Recently in IONA Category

IONA Advances SOA

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It's been an exciting month at IONA. First IONA acquired C24 and therefore strengthened both its technology in terms of data services including transformation, but also it's penetration in the financial services industry. Then this week IONA announced availability of a new product Artix™ Registry/Repository which I believe will have a major impact on how companies will view SOA governance.

The C24 acquisition improves IONA's position in the financial services (FS) sector. Artix has been doing quite will in FS because of it's ability to help large FS organizations reuse and interoperate their many IT infrastructure investments. So it's not unusual to see Artix being used to bridge between different technology gaps in trading systems etc. What C24 brings is support for so many of the standard types of message formats that move across these various infrastructure technologies, power transformation engines to support these formats, and of course some customers that have invested in C24 products. Artix Data Services will be a very powerful tool in IONA's SOA story.

Artix™ Registry/Repository is a very powerful innovation for SOAs. I was fortunate to get an early preview of this in Dublin in January and was very impressed with the vision and capabilities. The idea here is that in a distributed SOA infrastructure organizations need a much better handle on design-time, deploy-time and run-time governance. Whereas SOA management technologies, such as Amberpoint, help monitor and manage the flow of messages and data across your SOA, Artix™ Registry/Repository helps insure that the policies on those endpoints are up-to-date and valid. Artix™ Registry/Repository helps designers pull together the policies and configuration of endpoints, and then insure that those policies are maintained. New versions of policies can be pushed to appropriate endpoints and endpoint groupings. Endpoints can notify the repository of policy changes and so central governance can be maintained. So the repository is not just a static collection of metadata but is really the control center for your distributed SOA infrastructure.

Fairwell Steve

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Today Steve Vinoski announced he is moving on from IONA to a start up and "opportunity of a lifetime". He will be missed at IONA for his engineering excellence, his willingness to teach others, and his great humor .... oh an his shorts and crazy shirts.

After I came on board with IONA I was sent to Dublin to work on a major refactoring effort of the old Orbix 3 (BOA based) product line. While I was there I remember thinking that perhaps I'm missing out on all the cool new stuff, including Orbix 2000 that Steve was spearheading and that IONA was just bringing to market. I felt that I needed to be at the bleeding edge and perhaps the refactoring project, as fun and challenging as it was, was not whatI should be working on. However that project was a really important project for IONA and for me as it turned out. I began to understand how important it was when Steve continued to point out how it was the most successful engineering project at IONA. I had never thought of it to that extent. Steve had a different perspective that I learned to appreciate and it was and is a wonderful endorsement from such a brilliant and successful engineer such as Steve. Steve is not only a good leader from an engineering perspective but he's always great at giving credit, encouraging others, and willing to learn from others.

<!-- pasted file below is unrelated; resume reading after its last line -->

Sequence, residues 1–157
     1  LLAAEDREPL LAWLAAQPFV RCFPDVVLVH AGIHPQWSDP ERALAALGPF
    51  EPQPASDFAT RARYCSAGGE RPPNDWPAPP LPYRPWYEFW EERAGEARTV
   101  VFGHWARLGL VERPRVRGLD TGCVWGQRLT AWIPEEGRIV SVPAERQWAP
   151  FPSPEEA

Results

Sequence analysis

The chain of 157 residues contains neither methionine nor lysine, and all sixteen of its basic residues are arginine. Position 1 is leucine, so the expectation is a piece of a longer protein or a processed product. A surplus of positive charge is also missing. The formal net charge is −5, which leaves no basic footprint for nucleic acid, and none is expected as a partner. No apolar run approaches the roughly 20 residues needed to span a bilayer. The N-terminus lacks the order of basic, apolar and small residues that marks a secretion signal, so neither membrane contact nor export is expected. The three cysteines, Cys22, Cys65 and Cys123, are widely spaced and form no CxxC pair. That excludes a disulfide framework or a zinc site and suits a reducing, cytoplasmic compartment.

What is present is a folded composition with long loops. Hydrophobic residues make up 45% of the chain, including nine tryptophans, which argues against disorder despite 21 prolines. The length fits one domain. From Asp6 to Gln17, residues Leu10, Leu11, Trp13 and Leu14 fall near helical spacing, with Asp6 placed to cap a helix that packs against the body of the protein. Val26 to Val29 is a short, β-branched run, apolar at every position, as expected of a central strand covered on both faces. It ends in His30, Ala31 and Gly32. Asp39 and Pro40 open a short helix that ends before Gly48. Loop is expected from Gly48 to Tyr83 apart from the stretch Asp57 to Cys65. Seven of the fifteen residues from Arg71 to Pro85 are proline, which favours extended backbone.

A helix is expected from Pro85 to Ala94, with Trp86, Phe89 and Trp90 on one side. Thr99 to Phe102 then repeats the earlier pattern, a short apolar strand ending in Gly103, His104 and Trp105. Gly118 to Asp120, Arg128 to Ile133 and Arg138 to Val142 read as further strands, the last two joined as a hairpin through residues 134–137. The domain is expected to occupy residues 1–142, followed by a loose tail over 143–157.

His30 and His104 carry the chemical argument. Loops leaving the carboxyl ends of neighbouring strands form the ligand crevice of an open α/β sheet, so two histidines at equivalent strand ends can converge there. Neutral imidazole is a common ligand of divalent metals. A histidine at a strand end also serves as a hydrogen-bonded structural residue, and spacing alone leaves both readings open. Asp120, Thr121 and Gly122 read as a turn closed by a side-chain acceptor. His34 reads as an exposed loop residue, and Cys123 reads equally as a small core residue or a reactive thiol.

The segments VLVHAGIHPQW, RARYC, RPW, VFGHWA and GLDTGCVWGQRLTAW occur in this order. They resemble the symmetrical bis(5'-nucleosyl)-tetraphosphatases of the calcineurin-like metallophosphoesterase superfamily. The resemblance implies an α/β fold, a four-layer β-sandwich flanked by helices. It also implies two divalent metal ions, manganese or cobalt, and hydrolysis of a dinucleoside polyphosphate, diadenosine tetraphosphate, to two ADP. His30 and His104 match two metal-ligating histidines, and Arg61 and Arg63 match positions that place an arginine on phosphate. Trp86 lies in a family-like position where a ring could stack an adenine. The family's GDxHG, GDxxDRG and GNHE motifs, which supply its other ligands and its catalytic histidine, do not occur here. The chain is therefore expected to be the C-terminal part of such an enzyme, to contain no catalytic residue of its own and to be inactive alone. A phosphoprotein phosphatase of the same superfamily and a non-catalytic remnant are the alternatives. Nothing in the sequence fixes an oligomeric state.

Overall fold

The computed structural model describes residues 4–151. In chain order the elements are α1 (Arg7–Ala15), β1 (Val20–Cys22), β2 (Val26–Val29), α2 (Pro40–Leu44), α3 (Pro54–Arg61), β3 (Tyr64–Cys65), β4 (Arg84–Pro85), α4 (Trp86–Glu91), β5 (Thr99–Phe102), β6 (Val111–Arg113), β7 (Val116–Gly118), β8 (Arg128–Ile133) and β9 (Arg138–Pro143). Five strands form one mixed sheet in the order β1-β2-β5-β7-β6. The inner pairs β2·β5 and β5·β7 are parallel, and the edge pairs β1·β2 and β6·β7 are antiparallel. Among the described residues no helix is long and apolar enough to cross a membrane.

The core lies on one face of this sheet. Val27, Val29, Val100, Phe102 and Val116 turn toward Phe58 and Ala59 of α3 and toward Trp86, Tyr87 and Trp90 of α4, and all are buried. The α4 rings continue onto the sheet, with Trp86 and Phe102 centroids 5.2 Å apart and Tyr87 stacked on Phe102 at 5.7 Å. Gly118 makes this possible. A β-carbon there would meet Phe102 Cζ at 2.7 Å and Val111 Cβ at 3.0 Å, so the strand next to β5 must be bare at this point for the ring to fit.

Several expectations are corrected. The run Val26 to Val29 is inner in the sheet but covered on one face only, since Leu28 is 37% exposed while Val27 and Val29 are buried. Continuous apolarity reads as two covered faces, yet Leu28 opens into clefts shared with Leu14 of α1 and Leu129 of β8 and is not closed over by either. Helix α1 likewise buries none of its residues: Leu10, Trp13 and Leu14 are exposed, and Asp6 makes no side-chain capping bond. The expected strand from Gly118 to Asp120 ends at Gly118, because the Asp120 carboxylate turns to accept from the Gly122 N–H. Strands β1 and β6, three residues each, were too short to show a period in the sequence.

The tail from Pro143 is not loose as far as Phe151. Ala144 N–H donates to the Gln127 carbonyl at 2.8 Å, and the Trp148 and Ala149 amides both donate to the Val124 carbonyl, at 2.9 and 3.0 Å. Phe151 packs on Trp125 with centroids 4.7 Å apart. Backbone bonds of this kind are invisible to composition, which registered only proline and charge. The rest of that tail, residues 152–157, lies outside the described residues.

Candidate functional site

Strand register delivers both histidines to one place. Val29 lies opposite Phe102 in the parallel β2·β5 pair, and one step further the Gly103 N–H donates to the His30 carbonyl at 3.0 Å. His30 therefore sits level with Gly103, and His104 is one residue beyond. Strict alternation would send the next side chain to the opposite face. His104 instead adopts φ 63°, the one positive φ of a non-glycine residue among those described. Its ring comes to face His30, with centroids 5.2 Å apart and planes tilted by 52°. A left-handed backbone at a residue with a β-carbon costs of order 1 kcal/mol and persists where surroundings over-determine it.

I remember talking to Steve about a year ago about a small home project I was working on. My neighbor Ron does a lot of really cool embedded solutions. From design of the boards to the building of the OS to the applications and user interface design. He set me up with a small demo board for a FreeScale MC9S08GB60 microcontroller. All I managed to get time to do was to get the LEDs to count up in binary. But I loved the project of playing with hardware again, especially the process of writing the code, downloading to the board, setting the right hardware switches, and testing. I look forward to getting back to it some time. I talked about the fun I had doing it with Steve and he said he missed working with the hardware too. And now he's off to a hardware/software start up! Hmmmmm ..... it's not my fault I swear!

Yes Steve will be missed at IONA, but, as Steve says in his blog, there are great people at IONA and I'm sure he'll appreciate that the room he's made will allow someone else to lead as he did, both in engineering and in the external community on standards bodies and industry working groups.

I don't expect I'll see the port of Artix's C++ stack to OS X anytime soon but I'm sure I'll read about some really cool work that Steve is producing at his opportunity of a lifetime.